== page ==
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Nobody should expect to give up their right to privacy, just so they can exercise their rights to freedom of expression and assembly

Netpol’s ‘Privacy Bloc‘ made quite an impact at the People’s Assembly anti-austerity demonstration in London on Saturday 20 June. We distributed around 850 face coverings and – even in a march of thousands – images of masked protesters appeared in much of the media coverage. We are delighted with how well received the masks were received on the march itself, from people from different backgrounds and all ages. It was clear we could easily have handed out many more – an indicator that people are already starting to consider the need to protect their privacy and anonymity on the streets.

So, having kick-started the debate on the need for protest anonymity, where do we go from here?

Netpol has argued that from now on, everyone taking part in a rally or demonstration needs to give a far greater priority to their individual privacy, because the UK Supreme Court has opened the door to mass police surveillance. Its judgment in March 2015 said that gathering and retaining data on protesters is only a ‘minor’ invasion of privacy rights when carried out by ‘overt activities in public places’ and is justified for investigating the ‘links between protest groups’ and their ‘organisation and leadership’.

We believe one of the few remaining ways for protesters to protect their privacy is for wearing face masks to become as normal and commonplace on every protest as, say, carrying a placard. If you object to officers taking and retaining photographs of you, then follow the police’s own legal advice that accepts you are “under no obligation to facilitate the collection of… information and can usually, for example, shield or cover his or her face to avoid a photograph being taken…” By wearing a face mask, you are also expressing solidarity with people who might otherwise refrain from exercising their right to protest because of genuine concerns about the consequences of surveillance.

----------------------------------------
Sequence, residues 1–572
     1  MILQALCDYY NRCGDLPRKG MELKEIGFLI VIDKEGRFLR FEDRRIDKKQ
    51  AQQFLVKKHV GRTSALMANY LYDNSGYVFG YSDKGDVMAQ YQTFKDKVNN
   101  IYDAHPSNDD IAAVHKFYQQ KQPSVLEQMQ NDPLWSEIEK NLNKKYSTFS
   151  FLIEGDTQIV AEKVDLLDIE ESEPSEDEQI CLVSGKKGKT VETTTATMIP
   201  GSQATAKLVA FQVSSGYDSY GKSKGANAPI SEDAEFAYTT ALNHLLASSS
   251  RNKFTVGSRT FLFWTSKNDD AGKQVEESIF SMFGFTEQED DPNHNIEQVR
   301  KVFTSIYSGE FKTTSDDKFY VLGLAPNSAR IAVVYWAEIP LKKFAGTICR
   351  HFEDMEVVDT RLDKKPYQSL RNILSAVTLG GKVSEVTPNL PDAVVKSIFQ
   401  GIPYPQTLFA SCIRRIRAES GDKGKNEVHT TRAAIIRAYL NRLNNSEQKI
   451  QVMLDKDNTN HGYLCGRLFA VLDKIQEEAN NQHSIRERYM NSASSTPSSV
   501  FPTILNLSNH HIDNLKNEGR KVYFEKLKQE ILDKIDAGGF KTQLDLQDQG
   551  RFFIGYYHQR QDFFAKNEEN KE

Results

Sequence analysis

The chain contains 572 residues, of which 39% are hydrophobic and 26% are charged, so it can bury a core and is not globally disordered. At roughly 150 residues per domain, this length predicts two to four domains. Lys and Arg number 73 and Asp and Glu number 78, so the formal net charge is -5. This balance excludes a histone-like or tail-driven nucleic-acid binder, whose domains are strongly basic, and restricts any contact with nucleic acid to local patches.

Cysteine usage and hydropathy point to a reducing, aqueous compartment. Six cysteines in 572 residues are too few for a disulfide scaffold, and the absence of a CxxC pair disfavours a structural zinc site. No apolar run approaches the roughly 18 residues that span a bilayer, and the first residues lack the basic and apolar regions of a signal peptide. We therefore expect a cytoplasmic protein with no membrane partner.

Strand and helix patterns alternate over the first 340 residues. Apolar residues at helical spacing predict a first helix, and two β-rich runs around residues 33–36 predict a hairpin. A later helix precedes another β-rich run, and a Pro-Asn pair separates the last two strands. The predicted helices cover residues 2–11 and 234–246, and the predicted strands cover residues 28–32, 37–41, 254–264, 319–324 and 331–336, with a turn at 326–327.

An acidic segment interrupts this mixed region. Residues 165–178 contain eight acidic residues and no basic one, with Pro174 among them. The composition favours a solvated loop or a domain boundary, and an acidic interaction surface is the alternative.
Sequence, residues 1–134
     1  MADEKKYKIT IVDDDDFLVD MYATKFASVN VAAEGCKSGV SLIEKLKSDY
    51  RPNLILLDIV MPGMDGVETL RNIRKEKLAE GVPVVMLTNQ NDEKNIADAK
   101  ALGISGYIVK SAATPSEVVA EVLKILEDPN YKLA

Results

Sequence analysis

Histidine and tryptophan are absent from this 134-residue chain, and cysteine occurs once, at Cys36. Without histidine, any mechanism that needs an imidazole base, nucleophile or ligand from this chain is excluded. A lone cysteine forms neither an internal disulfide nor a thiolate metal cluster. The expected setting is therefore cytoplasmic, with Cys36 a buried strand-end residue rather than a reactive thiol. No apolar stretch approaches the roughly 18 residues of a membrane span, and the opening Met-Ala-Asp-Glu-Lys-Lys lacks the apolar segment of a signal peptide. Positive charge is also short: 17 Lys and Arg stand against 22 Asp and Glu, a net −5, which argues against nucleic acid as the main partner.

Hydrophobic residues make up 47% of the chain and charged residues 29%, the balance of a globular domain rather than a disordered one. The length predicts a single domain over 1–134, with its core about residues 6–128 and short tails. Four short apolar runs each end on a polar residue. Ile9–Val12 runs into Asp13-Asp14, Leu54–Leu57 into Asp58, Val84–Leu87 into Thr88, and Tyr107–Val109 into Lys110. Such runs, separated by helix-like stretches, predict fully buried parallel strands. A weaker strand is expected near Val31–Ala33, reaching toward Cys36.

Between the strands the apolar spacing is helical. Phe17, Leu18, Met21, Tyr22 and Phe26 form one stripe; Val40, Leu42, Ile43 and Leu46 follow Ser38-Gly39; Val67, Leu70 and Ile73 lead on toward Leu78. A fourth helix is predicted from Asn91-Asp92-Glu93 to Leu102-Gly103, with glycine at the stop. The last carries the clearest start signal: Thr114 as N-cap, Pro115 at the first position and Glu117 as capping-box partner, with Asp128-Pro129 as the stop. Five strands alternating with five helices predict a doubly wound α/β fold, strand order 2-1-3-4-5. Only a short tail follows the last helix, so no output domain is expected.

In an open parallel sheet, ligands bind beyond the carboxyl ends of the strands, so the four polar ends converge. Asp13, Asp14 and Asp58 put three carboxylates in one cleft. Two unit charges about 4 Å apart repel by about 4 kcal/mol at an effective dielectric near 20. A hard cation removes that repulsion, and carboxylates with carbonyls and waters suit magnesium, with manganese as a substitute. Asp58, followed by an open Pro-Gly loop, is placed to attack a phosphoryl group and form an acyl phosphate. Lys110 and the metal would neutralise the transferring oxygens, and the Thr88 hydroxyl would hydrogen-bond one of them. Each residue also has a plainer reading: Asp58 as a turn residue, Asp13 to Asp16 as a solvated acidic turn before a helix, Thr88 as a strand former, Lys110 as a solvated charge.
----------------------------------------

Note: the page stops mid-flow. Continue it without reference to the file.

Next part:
We hope that at future demonstrations there are thousands, rather than hundreds, of protesters adopting this tactic – and that means coordinating in advance.

Planning to organise a bloc on a march? Choose a colour that reflects your stance (green for climate activism, perhaps, or the suffragette colours – purple, white and green – for a feminist bloc), or one that simply stands out from others.

Plan C with face masks on June's anti-austerity march

Plan C members with face masks on the June 2015’anti-austerity march | Photo: Plan C

Buy and cut out material, or bulk order bandannas from a wholesaler if you can afford them (we may be able to help with contacts).

Then create a powerful visual impact by handing out face masks to members of your bloc.

We recognise, of course, that this will inevitably take time, but it will only happen if it is a decision taken by protest movements themselves.

Here’s some of the coverage of the Privacy Bloc on Saturday: